I love match 3 games. The problem is that so many developers start with the “tiles in a box” approach and try to figure out how they can improve on it. These days, however, so many match 3 games exist that developers really need to start thinking outside of the box (didn’t see that one coming, did you?) Thankfully, that’s exactly what Dan Russell-Pinson did when he designed Furballs (in space) for the iPhone. The playing field is 360 degrees and constantly moving, and the path drawing technique adds a new perspective to the mechanics. Oh, and did I mention there are things like comets and satellites to contend with?
Right off the bat you’ll realize that this isn’t your standard match 3 game when you see that each level starts with some configuration of objects in the center of the screen. From that perspective it feels more like a snood clone than a Bejeweled style match 3 game. However, unlike snood and its ilk, there is no device at the bottom of the screen to fire objects at the configuration in the center, and the configuration doesn’t move down towards the bottom of the screen every so many seconds. The configuration does move, however. At first it might just spin around in a circle in the center of the screen, if there is any motion at all. However, once the first external furball makes contact with the cluster, it will start bouncing around the screen until all the furballs are gone.
So how do you facilitate the cleansing of the furballs? You guide them to the central cluster using the line drawing method made popular in games like Harbor Master. You must maneuver the furballs such that they attach and form groups of three or more of the same color. When that happens, the same-colored furballs will fall away, and the rest will continue floating along. If the match occurred in the center of a cluster, the two halves of the cluster will split and go their own way (though they could easily collide and reattach). Bear in mind that you can only move single furballs, not groups. You also can’t remove a single furball from a group. More importantly, you have to remember that everything is always moving. Just because you draw a path from a furball to a certain spot in a cluster, doesn’t mean the cluster will be there when the furball gets there. Worse yet, there could be a different color furball in that spot when the one you were guiding arrives.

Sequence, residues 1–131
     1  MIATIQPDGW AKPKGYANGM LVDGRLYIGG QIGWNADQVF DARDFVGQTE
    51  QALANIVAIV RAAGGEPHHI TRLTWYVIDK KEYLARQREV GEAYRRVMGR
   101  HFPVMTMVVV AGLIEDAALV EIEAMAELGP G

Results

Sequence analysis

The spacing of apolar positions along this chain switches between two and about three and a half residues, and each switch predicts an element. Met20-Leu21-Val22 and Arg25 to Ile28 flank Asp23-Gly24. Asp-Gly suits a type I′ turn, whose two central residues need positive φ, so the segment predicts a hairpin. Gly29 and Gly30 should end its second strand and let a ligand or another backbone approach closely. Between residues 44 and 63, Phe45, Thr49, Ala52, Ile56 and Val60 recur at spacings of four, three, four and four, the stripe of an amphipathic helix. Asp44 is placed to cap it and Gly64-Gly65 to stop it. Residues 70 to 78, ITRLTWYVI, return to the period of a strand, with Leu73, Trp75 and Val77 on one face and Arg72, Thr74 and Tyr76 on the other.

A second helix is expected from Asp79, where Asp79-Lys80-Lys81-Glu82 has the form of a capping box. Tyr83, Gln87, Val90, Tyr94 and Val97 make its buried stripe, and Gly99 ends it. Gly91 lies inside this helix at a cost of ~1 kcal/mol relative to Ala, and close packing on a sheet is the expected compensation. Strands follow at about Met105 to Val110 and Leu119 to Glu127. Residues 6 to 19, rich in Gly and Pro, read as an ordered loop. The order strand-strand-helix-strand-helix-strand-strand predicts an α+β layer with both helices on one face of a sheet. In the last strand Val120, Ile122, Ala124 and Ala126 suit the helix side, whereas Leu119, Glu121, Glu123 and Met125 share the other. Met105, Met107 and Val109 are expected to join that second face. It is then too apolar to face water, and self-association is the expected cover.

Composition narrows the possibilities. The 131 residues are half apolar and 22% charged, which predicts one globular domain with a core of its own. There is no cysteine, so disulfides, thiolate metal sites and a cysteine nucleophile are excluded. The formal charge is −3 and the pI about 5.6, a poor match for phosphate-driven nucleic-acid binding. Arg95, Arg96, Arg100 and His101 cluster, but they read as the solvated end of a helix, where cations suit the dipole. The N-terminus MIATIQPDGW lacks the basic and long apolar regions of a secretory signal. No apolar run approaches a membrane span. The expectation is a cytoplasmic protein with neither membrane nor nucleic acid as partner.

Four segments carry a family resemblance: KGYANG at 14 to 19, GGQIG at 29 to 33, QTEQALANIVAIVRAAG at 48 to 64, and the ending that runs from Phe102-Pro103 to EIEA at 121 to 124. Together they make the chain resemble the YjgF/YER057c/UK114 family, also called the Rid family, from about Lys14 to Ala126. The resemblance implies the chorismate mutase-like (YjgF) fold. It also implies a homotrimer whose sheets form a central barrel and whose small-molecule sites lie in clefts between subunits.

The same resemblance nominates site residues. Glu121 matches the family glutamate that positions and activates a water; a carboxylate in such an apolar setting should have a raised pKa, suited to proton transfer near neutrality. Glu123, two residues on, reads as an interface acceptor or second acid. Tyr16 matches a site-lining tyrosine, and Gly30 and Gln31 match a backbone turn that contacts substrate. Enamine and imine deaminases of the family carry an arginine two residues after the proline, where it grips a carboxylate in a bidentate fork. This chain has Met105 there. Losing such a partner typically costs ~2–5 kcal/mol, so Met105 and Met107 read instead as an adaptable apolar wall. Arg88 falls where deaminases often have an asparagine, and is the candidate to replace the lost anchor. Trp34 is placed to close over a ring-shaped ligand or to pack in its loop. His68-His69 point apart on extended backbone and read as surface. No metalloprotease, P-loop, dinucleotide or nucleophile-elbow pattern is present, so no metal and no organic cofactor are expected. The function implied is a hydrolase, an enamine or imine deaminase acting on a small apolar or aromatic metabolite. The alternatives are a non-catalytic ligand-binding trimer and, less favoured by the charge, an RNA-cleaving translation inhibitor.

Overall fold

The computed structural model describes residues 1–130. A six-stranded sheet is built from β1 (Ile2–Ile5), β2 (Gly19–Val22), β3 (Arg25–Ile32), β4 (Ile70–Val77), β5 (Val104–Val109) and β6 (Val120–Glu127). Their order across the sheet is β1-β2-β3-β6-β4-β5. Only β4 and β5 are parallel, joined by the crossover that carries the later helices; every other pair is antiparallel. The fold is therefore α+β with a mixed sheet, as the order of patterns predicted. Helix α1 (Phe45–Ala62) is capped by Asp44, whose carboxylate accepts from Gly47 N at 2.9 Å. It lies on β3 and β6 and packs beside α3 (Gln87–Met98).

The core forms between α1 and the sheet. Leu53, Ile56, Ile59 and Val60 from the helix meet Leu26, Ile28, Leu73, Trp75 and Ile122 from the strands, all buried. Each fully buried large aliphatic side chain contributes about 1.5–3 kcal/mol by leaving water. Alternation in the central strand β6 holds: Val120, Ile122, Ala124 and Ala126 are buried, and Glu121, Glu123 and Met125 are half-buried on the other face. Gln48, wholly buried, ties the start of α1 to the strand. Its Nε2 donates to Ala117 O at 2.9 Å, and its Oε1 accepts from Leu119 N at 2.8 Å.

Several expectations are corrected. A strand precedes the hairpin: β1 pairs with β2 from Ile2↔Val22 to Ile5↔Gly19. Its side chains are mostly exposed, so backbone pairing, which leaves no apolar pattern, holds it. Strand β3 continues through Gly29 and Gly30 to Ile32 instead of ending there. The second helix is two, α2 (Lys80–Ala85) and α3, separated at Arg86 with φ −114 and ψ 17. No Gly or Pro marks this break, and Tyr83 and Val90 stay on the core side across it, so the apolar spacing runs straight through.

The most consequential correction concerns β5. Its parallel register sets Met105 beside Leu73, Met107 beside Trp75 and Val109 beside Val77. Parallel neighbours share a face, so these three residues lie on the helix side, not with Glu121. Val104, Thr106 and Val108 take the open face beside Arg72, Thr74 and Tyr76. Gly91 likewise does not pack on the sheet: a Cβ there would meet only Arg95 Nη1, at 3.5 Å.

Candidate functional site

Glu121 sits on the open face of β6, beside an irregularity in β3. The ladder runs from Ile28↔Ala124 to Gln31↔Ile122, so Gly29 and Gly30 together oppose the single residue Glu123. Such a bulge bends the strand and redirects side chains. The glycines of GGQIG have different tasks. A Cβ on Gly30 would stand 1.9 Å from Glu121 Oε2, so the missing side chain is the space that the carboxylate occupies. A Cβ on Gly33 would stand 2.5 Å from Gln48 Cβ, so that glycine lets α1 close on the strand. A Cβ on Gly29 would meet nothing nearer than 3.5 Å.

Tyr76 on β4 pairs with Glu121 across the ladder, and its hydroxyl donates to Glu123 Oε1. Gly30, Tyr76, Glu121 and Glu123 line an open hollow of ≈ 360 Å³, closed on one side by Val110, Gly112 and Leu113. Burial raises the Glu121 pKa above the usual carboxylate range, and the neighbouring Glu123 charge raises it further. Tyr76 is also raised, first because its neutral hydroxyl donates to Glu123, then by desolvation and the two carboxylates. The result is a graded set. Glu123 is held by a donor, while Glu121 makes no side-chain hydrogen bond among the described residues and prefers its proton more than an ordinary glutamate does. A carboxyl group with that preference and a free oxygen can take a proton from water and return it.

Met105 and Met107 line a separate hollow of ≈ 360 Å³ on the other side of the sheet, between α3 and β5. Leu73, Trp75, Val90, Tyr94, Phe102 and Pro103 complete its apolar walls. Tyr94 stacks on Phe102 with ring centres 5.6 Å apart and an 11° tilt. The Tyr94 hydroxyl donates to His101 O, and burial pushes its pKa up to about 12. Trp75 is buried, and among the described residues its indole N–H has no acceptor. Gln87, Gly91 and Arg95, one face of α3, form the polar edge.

To guide a furball you just tap on it and drag your finger to draw a line where you want the furball to go. If I had to complain about anything (and if you know me, you know that I usually do), it’s that sometimes it seems like when you tap on a furball it doesn’t respond and no path gets drawn. The movement along the path also seems a bit choppy, but you get used to it after a while. There is a meter at the top of the screen that fills up as more furballs appear on the screen, and if that gets completely full the game is over. In addition to the furballs themselves you have comets, meteors and satellites to contend with. Comets freeze and meteors burn, but the net effect either way is that they will clear up some furballs for you, regardless of color. What’s nice is that they don’t activate until you tap them. You also have one opportunity to change their course by moving them like you’d move a furball, but keep in mind that changing their course also activates them, so they’ll affect the first furballs they run into at that point. Satellites can be guided just like furballs, and you need to guide them off-screen. If they attach to any furballs, you can’t get rid of them until all the attached furballs are gone.
The visuals are very nice. The furballs are cute, and I love the different expressions they make as they attach to the same or different colored furballs. The comets and meteors look pretty cool as they’re traveling along as well, and the effects when they are activated look sharp. The sound effects are quite charming as well. All of the externals (comets, meteors and satellites) sound like you’d expect, and the noises the furballs make compliment their expressions perfectly. I especially like it when you make a match and one of the furballs says “sweet”. The music is okay, and at least it’s something in the background. If you sit and listen to it for too long without actually playing the game you’ll probably get bored with it, though.
This is the perfect example of what developers need to do to start stepping up their game when it comes to styles of game that are oversaturated in the App Store. This takes two popular genres – match 3 and line drawing – and combines them in a fun and almost flawless manner. The atmosphere is cute, the mechanics are easy, and the game can get challenging at times. With a promised 150 levels to play, you’ll certainly be busy for quite some time. I know the game has been out for a while, but if the developer ever decides to revisit it, some social network achievements would be nice. Of course, he could always take the next step and give us an iPad version.
Overall Score: 9/10
App Store Link